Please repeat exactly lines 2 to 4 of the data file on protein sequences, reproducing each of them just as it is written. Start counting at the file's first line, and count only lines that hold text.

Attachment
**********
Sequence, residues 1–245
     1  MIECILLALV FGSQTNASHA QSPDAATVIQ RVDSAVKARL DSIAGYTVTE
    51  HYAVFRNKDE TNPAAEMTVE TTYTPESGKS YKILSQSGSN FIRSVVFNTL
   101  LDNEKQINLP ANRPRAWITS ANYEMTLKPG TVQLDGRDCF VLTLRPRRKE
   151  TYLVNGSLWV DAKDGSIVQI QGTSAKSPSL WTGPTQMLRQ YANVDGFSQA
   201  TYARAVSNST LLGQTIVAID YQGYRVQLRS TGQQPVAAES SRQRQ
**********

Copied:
     1  MIECILLALV FGSQTNASHA QSPDAATVIQ RVDSAVKARL DSIAGYTVTE
    51  HYAVFRNKDE TNPAAEMTVE TTYTPESGKS YKILSQSGSN FIRSVVFNTL
   101  LDNEKQINLP ANRPRAWITS ANYEMTLKPG TVQLDGRDCF VLTLRPRRKE